The aerial photography as a first approach to the reality, confirmed or rejected by the personal ocular inspection to the place, is a classic methodology related to the hand drawing as the best way to represent the several aspects of this reality. At the same time, the representation of intagible appears when the individual interpretation of aerial photography arises from a process of personal analysis.

The drawing tells us the concept. One classical pedagogic activity into the Faculties of Architecture during the 60’s and 70’s was redrawing the images of the most important works from some sacred architects. When the pen was going up photograph analysis of the work was more effective as a rethought drawing, as a rational act that increased the student's analytical skills.

Taking in consideration this idea, we can apply this technique to the territorial analysis. T will be a way to feel territory, overwriting territories over maps or aerial photos.

Figure 27.

Carnoedo. Spain.From Google-earth

Figure 28.

Path to Lobos’ beach-Carnoedo-Spain

7. The methodology

The work consists of taking territorial redraw as support recognition through numerous visits to the lot and the aerial photography. It dispenses with the existing conventional mapping. We understand it could be a disturbing element in the search for relationships in the analysis process. Thus establishing a direct link between the territory and its observer.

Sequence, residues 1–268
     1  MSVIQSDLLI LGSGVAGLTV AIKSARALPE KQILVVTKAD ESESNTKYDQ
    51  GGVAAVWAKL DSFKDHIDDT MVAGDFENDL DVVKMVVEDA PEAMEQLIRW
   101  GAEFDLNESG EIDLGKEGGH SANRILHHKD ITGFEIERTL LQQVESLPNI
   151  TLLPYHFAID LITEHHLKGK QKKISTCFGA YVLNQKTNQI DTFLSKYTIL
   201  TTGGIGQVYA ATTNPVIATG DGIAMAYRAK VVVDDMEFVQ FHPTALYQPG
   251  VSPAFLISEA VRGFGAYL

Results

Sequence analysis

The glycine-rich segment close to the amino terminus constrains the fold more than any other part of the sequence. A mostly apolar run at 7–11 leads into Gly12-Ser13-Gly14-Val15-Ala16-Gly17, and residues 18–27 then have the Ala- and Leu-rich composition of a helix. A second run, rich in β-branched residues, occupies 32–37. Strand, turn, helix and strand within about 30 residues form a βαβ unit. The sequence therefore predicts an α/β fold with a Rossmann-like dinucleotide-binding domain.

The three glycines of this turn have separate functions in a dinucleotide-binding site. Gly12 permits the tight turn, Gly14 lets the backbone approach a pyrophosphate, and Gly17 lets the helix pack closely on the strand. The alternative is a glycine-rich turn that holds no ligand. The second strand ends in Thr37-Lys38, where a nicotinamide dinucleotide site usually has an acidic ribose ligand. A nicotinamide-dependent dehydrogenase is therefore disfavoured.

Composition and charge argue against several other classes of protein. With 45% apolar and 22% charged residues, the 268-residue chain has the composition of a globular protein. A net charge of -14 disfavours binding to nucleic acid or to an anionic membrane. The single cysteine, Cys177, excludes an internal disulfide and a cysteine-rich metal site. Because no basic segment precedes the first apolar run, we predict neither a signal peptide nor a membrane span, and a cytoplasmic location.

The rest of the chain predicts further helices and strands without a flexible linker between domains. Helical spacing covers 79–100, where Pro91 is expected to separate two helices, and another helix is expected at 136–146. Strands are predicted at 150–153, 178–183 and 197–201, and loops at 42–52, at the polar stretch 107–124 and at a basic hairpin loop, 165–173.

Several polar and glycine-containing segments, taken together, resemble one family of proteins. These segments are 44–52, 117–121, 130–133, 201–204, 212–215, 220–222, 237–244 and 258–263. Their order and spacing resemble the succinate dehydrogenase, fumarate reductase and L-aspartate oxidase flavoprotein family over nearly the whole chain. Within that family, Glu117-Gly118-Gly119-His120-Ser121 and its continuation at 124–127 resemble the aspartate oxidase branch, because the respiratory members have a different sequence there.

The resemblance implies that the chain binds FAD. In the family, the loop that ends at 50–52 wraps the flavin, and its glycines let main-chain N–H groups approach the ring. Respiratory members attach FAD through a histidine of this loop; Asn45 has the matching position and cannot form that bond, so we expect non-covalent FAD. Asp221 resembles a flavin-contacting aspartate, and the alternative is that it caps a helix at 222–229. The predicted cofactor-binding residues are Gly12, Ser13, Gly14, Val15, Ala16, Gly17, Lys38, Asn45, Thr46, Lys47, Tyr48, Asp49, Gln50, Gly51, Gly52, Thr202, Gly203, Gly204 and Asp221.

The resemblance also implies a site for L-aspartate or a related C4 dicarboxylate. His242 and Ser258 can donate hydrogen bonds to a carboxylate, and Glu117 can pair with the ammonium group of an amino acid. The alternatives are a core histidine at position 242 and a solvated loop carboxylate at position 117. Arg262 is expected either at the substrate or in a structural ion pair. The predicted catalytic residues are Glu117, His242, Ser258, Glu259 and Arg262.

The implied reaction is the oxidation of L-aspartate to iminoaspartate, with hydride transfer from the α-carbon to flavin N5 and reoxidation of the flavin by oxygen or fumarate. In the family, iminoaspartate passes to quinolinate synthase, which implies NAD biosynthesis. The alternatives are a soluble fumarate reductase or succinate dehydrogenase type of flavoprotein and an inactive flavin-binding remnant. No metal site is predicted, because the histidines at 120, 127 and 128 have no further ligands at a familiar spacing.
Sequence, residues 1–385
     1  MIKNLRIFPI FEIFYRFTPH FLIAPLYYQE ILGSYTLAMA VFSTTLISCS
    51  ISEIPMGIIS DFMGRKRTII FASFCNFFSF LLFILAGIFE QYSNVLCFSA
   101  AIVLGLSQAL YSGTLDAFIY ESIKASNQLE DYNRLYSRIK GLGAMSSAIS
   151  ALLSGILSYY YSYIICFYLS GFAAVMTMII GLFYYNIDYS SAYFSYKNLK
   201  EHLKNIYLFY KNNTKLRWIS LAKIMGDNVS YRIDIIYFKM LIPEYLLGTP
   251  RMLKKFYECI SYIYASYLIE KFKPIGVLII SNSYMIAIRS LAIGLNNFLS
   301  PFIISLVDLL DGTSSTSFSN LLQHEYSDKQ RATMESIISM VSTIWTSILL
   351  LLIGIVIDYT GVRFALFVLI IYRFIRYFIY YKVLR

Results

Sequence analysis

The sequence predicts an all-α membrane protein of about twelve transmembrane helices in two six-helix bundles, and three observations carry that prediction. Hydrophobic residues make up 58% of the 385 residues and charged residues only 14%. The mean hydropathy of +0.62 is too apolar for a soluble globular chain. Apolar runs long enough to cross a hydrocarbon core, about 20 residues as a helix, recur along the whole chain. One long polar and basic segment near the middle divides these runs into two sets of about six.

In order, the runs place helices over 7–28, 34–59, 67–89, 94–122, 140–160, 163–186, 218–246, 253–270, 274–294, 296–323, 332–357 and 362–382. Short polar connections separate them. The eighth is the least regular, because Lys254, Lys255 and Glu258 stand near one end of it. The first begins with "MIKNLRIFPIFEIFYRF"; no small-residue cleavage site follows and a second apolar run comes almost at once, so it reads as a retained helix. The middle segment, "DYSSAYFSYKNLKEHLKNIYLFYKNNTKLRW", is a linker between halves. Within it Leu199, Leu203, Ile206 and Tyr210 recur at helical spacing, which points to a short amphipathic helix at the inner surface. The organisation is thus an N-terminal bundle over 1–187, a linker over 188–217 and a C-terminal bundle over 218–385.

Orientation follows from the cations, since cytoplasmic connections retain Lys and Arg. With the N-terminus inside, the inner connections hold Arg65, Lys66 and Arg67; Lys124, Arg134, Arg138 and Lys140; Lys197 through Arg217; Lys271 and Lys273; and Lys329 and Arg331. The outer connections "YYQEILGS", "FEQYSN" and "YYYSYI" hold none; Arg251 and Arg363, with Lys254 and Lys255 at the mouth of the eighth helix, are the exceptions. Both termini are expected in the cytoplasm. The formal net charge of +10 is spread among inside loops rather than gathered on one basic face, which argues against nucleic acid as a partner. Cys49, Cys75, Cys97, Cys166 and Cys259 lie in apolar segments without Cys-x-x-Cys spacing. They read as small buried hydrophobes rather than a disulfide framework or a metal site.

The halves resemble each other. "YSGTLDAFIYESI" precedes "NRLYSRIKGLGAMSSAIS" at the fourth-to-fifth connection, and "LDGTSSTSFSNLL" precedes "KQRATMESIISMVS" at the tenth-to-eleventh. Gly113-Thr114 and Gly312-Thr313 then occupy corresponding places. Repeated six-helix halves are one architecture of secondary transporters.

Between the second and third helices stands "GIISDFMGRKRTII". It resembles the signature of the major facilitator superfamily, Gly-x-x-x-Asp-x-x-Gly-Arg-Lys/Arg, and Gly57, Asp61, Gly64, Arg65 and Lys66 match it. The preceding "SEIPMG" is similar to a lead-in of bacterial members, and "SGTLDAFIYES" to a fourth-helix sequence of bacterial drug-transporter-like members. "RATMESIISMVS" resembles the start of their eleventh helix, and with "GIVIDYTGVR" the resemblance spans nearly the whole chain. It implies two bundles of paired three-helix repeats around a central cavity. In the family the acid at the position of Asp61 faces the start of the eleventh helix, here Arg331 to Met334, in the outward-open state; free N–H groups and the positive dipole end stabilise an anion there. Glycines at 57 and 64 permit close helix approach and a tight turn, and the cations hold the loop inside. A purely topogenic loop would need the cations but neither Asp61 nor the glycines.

The redrawing of the territory (fig. 29) through exclusive data extraction from aerial photography work involved two levels. First, the careful observation of this photograph allowed a selection of elements that made up this country and they deserved representation, assuming a first level of analysis. There were thus identified territorial primary elements. (fig. 30)

Figure 29.

Handmade graphical representation Original scale 1/2000.

Second, learning techniques of representation required for recycling of previous knowledge and identifying the relationship between territorial primary elements.